34. Competency development • NPSA developed the following sets of competencies using a Skills for Health framework: • Initiating anticoagulant therapy • Maintaining oral anticoagulant therapy • Managing anticoagulants in patients requiring dental surgery • Dispensing anticoagulants • Preparing and administering heparin therapy • Reviewing the safety and effectiveness of an anticoagulant service

  35. Safety Indicators • Developed by the British Committee for Standards in Haematology (BCSH) and the NPSA • Compliment the guideline form BCSH on oral anticoagulation updated in 2006. • To be used as audit standards • A template (word document) for audit of Safety Standards can be downloaded from the BCSH website and modified for local use

  36. Safety Indicators For Inpatients % patients following loading protocol % patients developing INR > 5 % patients in therapeutic range at discharge % patients suffering a major bleed in first month of therapy and percentage suffering major bleed with INR above therapeutic range % of new referrals to anticoagulant service with incomplete information % of patients that were not issued with patient held information and written dosage instructions at start of therapy % patients that were discharged from hospital without an appointment for next INR measurement or for consultation

  37. Safety Indicators – Ambulatory Care Proportion of patient-time in range Percentage of INRs > 5.0 Percentage of INRs > 8.0 Percentage of INRs > 1.0 INR unit below target Percentage of patients suffering adverse outcomes Percentage of patients lost to follow up Percentage of patients with unknown diagnosis, target INR or stop date Percentage of patients with inappropriate target INR for diagnosis, high and low Percentage of patients without written patient educational information Completion of risk assessment of standard operating procedures

  38. E-learning modules • Two e-learning modules commissioned • Initiating anticoagulant therapy • Maintaining patients on anticoagulant therapy • Aimed primarily at junior doctors • Will be available on the BMJ learning website

  39. Safer Practice RecommendationsFor Anticoagulants Repeat prescriptions – check blood test results – on prescribing and dispensing Safer practice when co-prescribing an interacting medicine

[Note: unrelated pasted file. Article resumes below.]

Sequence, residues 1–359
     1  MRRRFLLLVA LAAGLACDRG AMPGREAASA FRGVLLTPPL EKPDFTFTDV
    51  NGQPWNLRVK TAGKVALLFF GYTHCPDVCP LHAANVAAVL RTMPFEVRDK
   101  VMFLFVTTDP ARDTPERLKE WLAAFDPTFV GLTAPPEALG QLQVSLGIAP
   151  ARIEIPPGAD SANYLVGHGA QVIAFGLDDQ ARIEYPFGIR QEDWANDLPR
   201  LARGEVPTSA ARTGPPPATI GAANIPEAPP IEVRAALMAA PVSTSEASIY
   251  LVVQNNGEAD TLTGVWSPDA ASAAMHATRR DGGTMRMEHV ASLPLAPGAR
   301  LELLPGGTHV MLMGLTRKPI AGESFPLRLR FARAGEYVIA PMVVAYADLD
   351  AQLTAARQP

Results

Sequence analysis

40. Safer Practice RecommendationsFor Anticoagulants Safe management of patients requiring dental treatment Standardise the range/strengths of anticoagulants used Safe procedures for anticoagulants in care homes

  41. Support materials • To aid implementation • Risk assessment tool, patient held information, posters, guidelines, protocols, work competences, e-learning modules, • To aid evaluation • Patient safety indicators, audit protocols and audit collection forms.

  42. Juliet Brown wants to know what went wrong with her mother’s care… How would you communicate empathetically to the patient’s relatives?

  43. Being open:Communicating with patients and/or carers about patient safety incidents Illustrative Workshop

  44. Purpose of the Session • To provide an overview of the NPSA’s Being open policy and training • For participants to learn key communication skills that underpin effective communication with patients and/or carers following a patient safety incident.

  45. NPSA’S Being open work • Being open policy • Safer Practice Notice • E-learning toolkit • One day training workshops

  46. The Ten Principles 1. Acknowledgement 2. Truthfulness, timeliness and clarity of communication 3. Apology 4. Recognising patient and/or carer expectations 5. Professional support 6. Risk management and systems improvement 7. Multidisciplinary responsibility 8. Clinical governance 9. Confidentiality 10. Continuity of care

  47. Actions for healthcare organisations • Develop and implement a local Being open policy by June 2006. • Identify local Being open leads and clinicians to attend Being open training workshops. • Raise awareness of the Being open e-learning locally and ensure staff have access to it.